Last night, Dave and I attended Taste of the Nation. We have gone for several years because our good friend, Cathlyn Nedved, worked for Share Our Strength. All of the best restaurants, wineries and breweries in Seattle have booths with plates of appetizers, bottles of wines and pitchers of great beer. . For $125 each, we ate enough last night that, had we actually visited all of those restaurants, we would have spent thousands of dollars.

We always reflect on the juxtaposition of a night of gluttony to raise money for starving children. But the food was amazing, the music was inspirational and they raised almost $70,000 in three hours. (including $2,500 for the opportunity to tailgate with us and be fed by Tom Black).

Sherry Steckly took care of the girls from 5:00 to 6:30 pm. Then, when Kaylin finished her shift at the Walnut Café, she came over and watched them until we returned.

We haven’t seen Kaylin since she left for college last fall. When we got home, it was a great re-union. She has a new car and we were excited to hear about her first year at Western. After a few minutes of chit chat, I asked her “were you surprised at how much Lexie has grown?” She said she was and then added, ‘I can’t believe she is walking already”

It was like a cheesy sit-com moment. Dave and I looked at each other, eyes wide and mouths gaping and then instantaneously swung our dumbfounded expressions back at Kaylin. “What?!?” we both exclaimed. “She was walking all over the house” Kaylin explains to us.

This morning, when I got into the office, Steckly came by. First words out of her mouth? “You didn’t tell me Lexie was walking so much!”

Apparently, our little angel chose the moments right after we walked out the door to take her first steps. Steckly said she just stood up and started walking, like she had been doing it all along.

So tonight Lexie participated in the Rebekah Drummond nightly tradition of ‘naked running’. Only, she didn’t really run. It was more like she sauntered. Yeah, she sauntered down the hall like a bow-legged, wild west gunslinger – a drunk, bow-legged, wild west gunslinger.

Monday, July 17, 2006


Mommy’s Week Long Pedicure

Seven Haikus

Day One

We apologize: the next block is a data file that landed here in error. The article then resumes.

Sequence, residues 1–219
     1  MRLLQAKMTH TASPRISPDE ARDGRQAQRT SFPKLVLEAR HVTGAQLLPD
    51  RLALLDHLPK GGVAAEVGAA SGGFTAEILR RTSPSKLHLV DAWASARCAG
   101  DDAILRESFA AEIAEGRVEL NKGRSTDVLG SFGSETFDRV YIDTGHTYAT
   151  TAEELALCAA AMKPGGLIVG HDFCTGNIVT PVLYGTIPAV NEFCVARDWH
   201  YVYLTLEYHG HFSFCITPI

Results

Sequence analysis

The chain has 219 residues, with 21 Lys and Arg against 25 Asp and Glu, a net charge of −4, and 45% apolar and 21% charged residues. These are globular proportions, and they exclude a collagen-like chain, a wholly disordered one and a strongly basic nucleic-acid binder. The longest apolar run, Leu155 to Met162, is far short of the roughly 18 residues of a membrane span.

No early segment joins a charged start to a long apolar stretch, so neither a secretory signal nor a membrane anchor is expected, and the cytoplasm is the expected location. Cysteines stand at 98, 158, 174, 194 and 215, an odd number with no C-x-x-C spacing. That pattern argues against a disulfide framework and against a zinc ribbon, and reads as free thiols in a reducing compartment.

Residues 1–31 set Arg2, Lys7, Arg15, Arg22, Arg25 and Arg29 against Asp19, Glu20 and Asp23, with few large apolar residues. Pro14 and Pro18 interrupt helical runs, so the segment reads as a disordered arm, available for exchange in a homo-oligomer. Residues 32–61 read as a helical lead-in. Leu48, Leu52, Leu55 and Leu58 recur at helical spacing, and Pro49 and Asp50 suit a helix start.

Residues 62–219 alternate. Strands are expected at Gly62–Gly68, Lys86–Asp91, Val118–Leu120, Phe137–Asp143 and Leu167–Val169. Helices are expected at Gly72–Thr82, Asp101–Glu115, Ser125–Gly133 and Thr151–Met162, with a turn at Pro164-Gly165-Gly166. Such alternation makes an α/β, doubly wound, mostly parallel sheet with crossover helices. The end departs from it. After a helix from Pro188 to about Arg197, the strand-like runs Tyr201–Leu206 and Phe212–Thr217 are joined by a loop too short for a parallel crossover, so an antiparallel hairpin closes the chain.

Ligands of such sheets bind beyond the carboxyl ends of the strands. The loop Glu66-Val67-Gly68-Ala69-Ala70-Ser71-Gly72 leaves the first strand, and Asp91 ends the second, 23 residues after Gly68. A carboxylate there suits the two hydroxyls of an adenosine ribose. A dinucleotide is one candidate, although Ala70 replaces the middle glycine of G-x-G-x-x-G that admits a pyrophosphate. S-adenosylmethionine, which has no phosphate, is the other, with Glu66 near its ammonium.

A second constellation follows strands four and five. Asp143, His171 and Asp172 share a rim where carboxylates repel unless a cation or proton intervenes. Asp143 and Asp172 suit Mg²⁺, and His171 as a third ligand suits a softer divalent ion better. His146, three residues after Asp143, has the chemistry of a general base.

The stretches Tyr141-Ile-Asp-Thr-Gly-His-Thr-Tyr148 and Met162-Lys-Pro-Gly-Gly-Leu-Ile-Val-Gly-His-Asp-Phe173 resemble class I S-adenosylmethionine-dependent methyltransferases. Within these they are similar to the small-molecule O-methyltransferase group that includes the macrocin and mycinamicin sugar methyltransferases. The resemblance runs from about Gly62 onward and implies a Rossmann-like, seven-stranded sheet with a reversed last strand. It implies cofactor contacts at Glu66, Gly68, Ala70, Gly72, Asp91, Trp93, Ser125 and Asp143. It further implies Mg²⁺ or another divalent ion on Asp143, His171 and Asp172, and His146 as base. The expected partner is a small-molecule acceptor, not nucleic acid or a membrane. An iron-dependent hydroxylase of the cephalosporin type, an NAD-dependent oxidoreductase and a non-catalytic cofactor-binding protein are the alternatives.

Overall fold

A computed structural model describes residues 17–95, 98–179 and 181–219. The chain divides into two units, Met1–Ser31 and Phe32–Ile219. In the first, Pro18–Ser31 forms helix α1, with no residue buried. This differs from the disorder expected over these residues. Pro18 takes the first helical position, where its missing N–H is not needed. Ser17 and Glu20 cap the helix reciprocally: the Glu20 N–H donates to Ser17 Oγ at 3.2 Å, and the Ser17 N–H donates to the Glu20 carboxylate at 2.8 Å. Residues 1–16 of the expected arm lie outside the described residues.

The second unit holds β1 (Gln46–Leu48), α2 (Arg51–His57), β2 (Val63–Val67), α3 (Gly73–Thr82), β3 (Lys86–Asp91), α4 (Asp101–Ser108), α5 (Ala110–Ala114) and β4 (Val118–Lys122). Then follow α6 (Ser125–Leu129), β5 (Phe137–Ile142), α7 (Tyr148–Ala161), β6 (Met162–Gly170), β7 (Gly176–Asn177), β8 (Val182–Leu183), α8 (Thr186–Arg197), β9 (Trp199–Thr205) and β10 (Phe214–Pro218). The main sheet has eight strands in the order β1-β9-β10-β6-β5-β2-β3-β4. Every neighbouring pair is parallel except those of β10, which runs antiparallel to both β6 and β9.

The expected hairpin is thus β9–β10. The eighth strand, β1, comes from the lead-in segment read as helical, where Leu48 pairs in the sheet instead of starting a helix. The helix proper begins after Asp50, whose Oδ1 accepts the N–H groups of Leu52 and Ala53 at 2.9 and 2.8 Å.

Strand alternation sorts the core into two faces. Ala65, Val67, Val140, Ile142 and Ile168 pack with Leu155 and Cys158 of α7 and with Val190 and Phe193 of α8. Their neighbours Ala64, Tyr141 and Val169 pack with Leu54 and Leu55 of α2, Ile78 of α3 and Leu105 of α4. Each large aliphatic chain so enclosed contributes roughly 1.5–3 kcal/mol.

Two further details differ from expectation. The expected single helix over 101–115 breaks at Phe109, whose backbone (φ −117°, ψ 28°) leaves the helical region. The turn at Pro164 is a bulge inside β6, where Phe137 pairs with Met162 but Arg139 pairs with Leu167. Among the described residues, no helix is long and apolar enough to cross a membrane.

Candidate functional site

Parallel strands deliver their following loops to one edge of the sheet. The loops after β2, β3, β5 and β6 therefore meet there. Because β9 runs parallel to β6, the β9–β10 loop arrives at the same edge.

Glance down at toes. Ack!
Nails are chipped, messy and gross
Dream of pedicure

Day Two

Remove toe polish
As youngest colors on wall
Washable crayons

Day Three
Jump out of shower
Thumb nail to shape cuticles
Running late for work

Day Four
Quickly paint big toes
Kids think I am going pee
Pray for no smudges

Day Five

Think of week’s wardrobe
Need to wear open toe shoes
Time to refocus

Day Six

From necessity
Painting the rest of my toes
With both girls watching

Day Seven
As I promised them
I am now painting their toes
Twenty pink piggies

Thursday, July 13, 2006


Poetry Thursday

Haikus by Nicki Solie

5 4 3 2 1
Days til grandma takes the kids
Mom and dad high five

Jump, jump, balance and twirl
Four year old gymnastics joy
Summer heat forgotten

Sunday, July 09, 2006


Four More Signs You Might Be A Bad Mommy

1. Your three year old has memorized the shift schedule of the guy who wears the Red Robin costume at the local Red Robin burger joint.

2. You knowingly permitted your two kids to unravel a full roll of toilet paper AND pull out an entire box of wet wipes because it bought you enough time for six more sips of your morning coffee.

3. Your three year old knows the words to a Kanye West song and both of your daughters will ‘shake their money makers’ when you ask them to.

4. You just found a jar of salad dressing in your refrigerator that pre-dates the birth of your oldest child.


Top Ten Things I Love About Lexie Being One

10. Daycare tuition goes down by $50 a week.
9. We are one year closer to being potty trained.
8. SIDS concerns are a distant memory.
7. Her first birthday party was a lot of fun.
6. She doesn’t have to drink overpriced formula anymore.
5. She can sit forward in her car seat.
4. She can go to the childrens center at Dave's gym.
3. We don’t have to get wellness check-ups for a full year.
2. She can eat finger foods while I cook dinner.
1. I don’t have to remember her age in months.

With so many great things about Lexie turning one, why do I feel sad? It seems like just yesterday I was baffling the nurses with my strange contractions and fast labor. Was it really a full year ago? I am learning that having children is like reading a really good book on an airplane. It makes the journey go so much faster. Children accentuate the unstoppable passing of time.

Since her birthday, Bekah has been interested in ages. She asked me the other day when she will be two again. I told her she will never be two again. We both sighed a small sigh of sadness.